The grater divide: How did so much cheese end up smothering our street food?
It started with butter. Then came post-liberalisation’s culinary adventurers, and Instagram. As the streetside theatrics intensify, freakish golas and golgappas could be next.
It’s snowing sticky white flakes on the streets of Mumbai and Vadodara, Ahmedabad, Prayagraj, Lucknow, Kolkata… across the country, cities are in the grip of a cheese explosion.
It started with the sandwiches and dosas, in the 1990s. But now vendors are clearly going for shock value. A Mumbai stall offers cheese-stuffed paan. Allahabad does a cheese-pull momo pizza (deep-dish; baked in a tin-foil takeaway box). In Kolkata, phuchkas come with cheese grated over the top, then melted with a kitchen blowtorch. Vadodara’s Bhai Bhai Dabeli offers a mango dolly dabeli that involves bread dipped in various syrups, topped with dry fruit and a chopped-up mango dolly, then covered with grated cheese.
These recipes go back five to six years. Who eats this stuff? Why? When did the line between creativity and cringe begin to be so gleefully crossed?
Until a few years ago, the standard upgrade for a street-food snack was butter. The Mumbai eatery Sardar Pav Bhaji built its entire reputation on slabs of the stuff, which float atop unarguably plain bhaji. In Ahmedabad, vendors added generous lashings of butter to the vada pav, a trend that has since spread to the home of that snack, Mumbai.
Cheese, even the relatively affordable processed variety launched by Amul in 1959, remained a luxury, until the mid-Aughts. “That’s when the children who grew up in a liberalising India joined the workforce,” says Mumbai-based food writer Roshni Bajaj Sanghvi. In those boom years, a young workforce was earning more, spending more, and willing to experiment. These were the years, then, of the chowmein dosa, the Chinese bhel. Then social media turned adventure into an addiction.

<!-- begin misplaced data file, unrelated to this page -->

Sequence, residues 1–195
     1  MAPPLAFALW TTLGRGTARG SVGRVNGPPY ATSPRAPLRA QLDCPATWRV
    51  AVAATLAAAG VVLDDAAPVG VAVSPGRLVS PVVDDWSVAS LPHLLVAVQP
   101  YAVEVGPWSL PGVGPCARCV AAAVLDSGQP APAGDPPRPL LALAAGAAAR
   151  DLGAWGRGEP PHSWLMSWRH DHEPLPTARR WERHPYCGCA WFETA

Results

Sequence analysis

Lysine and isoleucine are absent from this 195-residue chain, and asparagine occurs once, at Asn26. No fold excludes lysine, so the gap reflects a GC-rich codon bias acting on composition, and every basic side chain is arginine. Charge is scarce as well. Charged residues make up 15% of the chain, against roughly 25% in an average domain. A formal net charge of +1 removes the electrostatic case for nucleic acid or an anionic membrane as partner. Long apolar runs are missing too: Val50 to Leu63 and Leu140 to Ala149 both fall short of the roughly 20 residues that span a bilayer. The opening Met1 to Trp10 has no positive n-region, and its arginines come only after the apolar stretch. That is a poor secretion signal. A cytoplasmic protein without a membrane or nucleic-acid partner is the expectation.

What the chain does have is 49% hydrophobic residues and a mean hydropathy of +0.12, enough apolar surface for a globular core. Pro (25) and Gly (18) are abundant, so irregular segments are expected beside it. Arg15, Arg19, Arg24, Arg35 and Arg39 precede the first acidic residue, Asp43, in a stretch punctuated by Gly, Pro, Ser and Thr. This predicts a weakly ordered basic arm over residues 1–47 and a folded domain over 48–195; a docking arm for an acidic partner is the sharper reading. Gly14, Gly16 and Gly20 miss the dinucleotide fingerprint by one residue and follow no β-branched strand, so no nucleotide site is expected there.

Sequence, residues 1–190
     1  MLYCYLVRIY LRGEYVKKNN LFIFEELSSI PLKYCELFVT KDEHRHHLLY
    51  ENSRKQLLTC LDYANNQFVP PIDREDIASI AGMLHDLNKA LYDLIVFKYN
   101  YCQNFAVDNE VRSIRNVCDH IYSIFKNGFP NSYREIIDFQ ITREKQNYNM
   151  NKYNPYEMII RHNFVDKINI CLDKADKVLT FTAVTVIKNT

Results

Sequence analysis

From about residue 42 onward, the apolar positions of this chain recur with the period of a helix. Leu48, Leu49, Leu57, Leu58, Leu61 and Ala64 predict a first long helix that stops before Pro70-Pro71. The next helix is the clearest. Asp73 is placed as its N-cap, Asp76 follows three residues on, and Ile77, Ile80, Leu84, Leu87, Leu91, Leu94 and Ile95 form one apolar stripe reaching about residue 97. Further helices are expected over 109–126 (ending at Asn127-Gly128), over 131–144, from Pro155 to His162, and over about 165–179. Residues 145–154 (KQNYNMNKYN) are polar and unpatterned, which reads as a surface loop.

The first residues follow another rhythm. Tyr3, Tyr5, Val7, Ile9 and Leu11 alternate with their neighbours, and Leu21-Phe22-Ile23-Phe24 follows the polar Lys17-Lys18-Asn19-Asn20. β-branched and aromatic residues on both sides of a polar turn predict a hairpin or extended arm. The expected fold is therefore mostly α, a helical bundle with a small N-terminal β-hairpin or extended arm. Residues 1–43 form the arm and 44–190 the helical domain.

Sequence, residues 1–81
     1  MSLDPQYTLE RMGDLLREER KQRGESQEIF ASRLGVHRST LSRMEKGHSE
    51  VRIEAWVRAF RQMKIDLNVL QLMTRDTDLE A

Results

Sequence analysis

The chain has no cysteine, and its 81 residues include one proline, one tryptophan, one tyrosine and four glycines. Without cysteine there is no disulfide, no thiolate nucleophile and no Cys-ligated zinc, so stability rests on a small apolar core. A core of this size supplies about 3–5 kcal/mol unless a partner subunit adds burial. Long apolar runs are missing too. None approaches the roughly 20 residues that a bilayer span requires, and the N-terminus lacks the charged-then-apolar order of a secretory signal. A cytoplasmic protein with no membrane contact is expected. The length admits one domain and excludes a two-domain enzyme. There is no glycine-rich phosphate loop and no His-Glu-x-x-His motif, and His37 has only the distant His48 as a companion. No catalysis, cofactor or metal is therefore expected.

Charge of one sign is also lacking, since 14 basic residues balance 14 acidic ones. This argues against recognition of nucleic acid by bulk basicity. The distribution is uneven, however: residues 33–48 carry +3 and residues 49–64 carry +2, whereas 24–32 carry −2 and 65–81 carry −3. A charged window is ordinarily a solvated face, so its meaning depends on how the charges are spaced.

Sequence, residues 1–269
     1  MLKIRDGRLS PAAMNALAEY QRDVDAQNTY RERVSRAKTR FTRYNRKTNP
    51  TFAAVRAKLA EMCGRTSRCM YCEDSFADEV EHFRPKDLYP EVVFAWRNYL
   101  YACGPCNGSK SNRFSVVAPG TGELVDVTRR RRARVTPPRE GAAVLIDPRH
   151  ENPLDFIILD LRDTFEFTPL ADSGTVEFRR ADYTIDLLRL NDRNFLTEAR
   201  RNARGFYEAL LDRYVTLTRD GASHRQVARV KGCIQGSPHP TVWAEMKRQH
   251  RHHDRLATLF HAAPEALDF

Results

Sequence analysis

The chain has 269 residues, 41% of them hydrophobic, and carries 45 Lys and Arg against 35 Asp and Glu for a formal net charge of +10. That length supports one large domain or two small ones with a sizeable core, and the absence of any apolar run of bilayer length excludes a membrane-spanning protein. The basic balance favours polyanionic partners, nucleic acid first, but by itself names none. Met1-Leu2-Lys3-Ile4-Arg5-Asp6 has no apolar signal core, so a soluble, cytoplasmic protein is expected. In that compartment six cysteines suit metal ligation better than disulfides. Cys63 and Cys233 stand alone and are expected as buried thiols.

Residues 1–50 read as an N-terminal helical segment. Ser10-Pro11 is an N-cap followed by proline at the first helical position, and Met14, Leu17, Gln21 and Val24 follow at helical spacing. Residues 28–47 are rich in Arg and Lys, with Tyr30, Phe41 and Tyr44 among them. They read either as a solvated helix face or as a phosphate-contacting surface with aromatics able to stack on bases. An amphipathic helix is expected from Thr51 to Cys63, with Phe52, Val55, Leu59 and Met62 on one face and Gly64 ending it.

“The past five to seven years have belonged to Instagram. The performativity of cheese-based foods — the stretchiness, meltiness, camera-friendliness — made it ideal for Stories, posts and Reels,” says Meher Varma, a Delhi-based anthropologist and host of Bad Table Manners, a podcast that explores South Asian food and food habits from an anthropological lens.
“A lot of the street-food vendors are active on Instagram too. If something clicks, they know it’s good for business,” Bajaj Sanghvi says.
Meanwhile, menus have stretched out as well; it’s one way to get culinary adventurers to return. The mango dolly dabeli, for instance, is one of 35 variations on the Bhai Bhai menu. Owner Bharat Shah says he made most of his additions in 2014.
Vendors say they put a lot of thought and research into their cheesy additions. Shah tried his mango cheese dabeli on multiple groups of customers before launching it. “The idea for a cheese-topped paan came from my daughter, Adeeba. She’s seven and loves cheese,” says Naushad Shaikh, owner of The Paan Story, Mumbai. Over numerous trials, Shaikh settled on his cheese-paan recipe, which balances out the richness and saltiness of the processed cheese with shavings of chocolate.